Why An Open Mind is the Way to World Peace
My father taught me many wonderful things, mostly by example, which is the best way to learn. One of the things I most admire about him was that he had a very open mind and respected differing viewpoints.
That is refreshing in this day and age when people are quick to “unfriend” people who don’t see things the way they do.
I recall the time my father was at a football game sitting in front of someone rooting for the opposing team. His friend asked why he wasn’t upset about it and my father’s response was simply, “Well, that’s what makes a horse race.”
When I joined a cult in the 1970s, my father maintained a very open, wait and see attitude before judging me and my guru. He and my mother came to hear my teacher speak and to learn more about what I was involved in. I really didn’t know many parents who were doing that at that time.
In fact, my father told me about a conversation he had with someone critical of my guru:
Dad: Have you gone to hear him speak?
Dad: Have you spoken with members of his group?
Dad: Oh, so you’re an expert!
Dad never hesitated to call it like he saw it.
An open mind travels, too
In 2008, Actor Matt Damon said, “I think many of our problems as a country would be solved if people had thick passports.”
Today, just 30% of American citizens have passports. It’s a shame, because traveling to other cultures is one of the best educational experiences I’ve ever had.
And I’ve always been very humbled by how much my European and Australian friends know about American politics while we know almost nothing about theirs.
Perhaps if we traveled more to other countries and got to see that they are filled with human beings with dreams and hopes just like ours, there would be more global understanding and tolerance.
I don’t believe watching the news gives us the complete picture. It usually focuses on protestors while ignoring the vast majority of citizens who are peacefully going about their lives.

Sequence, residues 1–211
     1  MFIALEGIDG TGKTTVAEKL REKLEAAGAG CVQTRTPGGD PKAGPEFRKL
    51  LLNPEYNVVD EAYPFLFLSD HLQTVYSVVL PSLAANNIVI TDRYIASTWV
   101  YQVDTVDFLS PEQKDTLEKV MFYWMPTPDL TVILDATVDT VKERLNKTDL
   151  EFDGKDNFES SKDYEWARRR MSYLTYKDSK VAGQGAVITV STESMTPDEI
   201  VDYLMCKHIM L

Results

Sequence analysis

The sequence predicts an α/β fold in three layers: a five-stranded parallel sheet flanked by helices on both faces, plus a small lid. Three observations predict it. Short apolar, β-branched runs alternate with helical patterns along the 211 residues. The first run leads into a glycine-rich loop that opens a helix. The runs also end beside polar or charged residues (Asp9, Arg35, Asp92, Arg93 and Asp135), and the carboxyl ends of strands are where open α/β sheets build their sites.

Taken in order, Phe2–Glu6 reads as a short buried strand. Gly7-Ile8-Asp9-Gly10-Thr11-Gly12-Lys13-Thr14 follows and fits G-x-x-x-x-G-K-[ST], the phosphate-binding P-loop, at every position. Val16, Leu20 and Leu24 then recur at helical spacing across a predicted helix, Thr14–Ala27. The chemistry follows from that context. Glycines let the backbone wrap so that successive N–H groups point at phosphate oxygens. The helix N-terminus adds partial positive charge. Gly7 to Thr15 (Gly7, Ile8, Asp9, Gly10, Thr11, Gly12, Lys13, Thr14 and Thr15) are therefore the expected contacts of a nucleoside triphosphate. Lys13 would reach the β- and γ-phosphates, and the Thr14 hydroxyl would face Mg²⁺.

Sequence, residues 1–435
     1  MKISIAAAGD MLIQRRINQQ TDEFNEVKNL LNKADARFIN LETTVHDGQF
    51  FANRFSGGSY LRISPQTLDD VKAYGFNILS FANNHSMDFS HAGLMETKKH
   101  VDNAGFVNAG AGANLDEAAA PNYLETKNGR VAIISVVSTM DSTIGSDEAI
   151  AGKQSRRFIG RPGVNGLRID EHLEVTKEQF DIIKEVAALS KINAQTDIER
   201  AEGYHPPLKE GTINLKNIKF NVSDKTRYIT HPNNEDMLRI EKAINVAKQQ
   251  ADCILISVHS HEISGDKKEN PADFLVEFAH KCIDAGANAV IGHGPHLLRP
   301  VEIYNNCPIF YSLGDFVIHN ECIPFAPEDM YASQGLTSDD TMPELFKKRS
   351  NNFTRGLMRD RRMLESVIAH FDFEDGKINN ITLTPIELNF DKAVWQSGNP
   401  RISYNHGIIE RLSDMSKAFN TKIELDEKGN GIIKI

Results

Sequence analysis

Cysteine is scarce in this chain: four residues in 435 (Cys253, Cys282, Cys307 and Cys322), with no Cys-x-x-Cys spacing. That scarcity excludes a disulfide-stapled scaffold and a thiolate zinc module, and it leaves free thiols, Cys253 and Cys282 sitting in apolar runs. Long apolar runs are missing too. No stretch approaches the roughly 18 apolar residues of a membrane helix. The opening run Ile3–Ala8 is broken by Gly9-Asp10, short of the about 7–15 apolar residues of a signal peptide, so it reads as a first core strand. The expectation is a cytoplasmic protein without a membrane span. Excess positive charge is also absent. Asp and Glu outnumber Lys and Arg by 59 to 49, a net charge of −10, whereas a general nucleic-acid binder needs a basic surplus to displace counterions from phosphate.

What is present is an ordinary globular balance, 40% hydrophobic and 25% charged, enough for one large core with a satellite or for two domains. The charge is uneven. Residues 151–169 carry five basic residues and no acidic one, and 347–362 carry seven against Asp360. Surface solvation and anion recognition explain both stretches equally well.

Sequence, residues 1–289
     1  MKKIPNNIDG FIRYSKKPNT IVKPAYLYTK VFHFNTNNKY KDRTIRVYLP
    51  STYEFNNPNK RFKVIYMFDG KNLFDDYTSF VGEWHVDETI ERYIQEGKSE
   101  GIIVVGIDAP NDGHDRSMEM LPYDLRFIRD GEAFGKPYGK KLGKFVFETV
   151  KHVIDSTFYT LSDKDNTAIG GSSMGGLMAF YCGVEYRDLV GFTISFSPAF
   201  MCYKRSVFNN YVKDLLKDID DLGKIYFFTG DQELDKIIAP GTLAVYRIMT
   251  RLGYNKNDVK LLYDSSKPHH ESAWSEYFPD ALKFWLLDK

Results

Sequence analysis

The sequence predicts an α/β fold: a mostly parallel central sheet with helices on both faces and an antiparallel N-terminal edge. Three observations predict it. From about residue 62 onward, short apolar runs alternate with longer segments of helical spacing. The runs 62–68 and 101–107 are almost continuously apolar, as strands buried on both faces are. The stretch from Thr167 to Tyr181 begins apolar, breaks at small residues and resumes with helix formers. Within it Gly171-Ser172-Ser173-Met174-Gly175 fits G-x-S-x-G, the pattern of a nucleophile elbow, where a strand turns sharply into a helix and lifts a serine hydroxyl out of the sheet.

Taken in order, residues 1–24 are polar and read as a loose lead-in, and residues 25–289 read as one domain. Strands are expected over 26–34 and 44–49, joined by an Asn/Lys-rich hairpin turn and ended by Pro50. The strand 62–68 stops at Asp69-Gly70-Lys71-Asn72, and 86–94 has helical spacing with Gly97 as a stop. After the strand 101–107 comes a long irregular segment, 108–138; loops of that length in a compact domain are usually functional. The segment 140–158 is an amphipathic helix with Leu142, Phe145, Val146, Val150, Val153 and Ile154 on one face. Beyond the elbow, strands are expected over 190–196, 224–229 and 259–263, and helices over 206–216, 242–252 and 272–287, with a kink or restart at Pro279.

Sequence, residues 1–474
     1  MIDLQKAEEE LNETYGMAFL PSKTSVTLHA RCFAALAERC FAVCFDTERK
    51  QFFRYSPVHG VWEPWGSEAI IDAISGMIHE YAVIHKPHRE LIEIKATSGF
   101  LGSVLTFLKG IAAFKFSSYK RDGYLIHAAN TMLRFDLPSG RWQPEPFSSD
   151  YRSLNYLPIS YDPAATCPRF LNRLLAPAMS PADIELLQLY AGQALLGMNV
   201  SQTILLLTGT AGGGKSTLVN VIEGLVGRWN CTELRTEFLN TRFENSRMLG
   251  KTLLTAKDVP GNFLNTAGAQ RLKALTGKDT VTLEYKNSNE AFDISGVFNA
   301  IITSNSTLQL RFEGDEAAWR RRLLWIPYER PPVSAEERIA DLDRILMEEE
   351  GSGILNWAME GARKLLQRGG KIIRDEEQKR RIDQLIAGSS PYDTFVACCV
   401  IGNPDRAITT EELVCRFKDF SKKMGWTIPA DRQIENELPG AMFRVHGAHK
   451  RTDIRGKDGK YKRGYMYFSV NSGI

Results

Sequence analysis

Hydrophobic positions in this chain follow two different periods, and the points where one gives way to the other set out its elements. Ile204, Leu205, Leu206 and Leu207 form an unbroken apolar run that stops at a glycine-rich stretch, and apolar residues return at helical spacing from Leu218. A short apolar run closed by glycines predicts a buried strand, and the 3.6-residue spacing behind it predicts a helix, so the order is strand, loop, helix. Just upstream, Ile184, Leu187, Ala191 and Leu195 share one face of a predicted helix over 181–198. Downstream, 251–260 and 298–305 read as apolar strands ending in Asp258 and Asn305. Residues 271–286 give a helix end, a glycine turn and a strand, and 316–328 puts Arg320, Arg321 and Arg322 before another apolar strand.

Differing viewpoints can be the spice of life. Respect for different opinions can lead the way to peace. If the Europeans who conquered this country had even a little respect for the lifestyle and spiritual beliefs of the original people who lived here, perhaps the U.S wouldn’t be destroying the earth in the name of progress.
A cultural exchange opportunity missed
I thought of all this when I came across this speech given by Onondaga Chief Canasatego in Pennsylvania in 1744. Representing the Iroquois Confederacy of Nations, Chief Canasatego was replying to the Colony’s offer to educate Native men.
“We know you highly esteem the kind of learning taught in these colleges. And the maintenance of our young men, while with you, would be very expensive to you.
“We’re convinced, therefore, that you mean to do us good by your proposal, and we thank you heartily.
“But you who are so wise must know that different nations have different conceptions of things. And you will not, therefore, take it amiss if our ideas of this kind of education happens not to be the same with yours.
“We have had some experience of it.
“Several of our young people were formerly brought up in the colleges of the northern province. They were instructed in all your sciences.
“But when they came back to us, they were bad runners, ignorant of every means of living in the woods, unable to bear either cold or hunger, knew neither how to build a cabin, take a deer, or kill an enemy, spoke our language imperfectly, and therefore were neither fit for hunters nor warriors nor councilors. They were totally good for nothing.
“We are, however, not the less obliged for your kind offer, though we decline accepting. To show our grateful sense of it, if the gentlemen of Virginia will send us a dozen of their sons, we would take great care in their education, instruct them in all we know, and make men of them.”
I don’t believe the “gentlemen of Virginia” took Canastego up on his offer. But if they had, and such education exchanges had become commonplace, we’d be living in a very different world today.
Taking time to get to know other cultures and ways of viewing the world is probably one of the best ways to unite our planet. It’s never too late. How can you start?
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Molly Larkin is the co-author of the international best-seller “The Wind Is My Mother; The Life and Teachings of a Native American Shaman.” She is passionate about helping people live life to their fullest potential through her classes, podcast and blog at www.MollyLarkin.com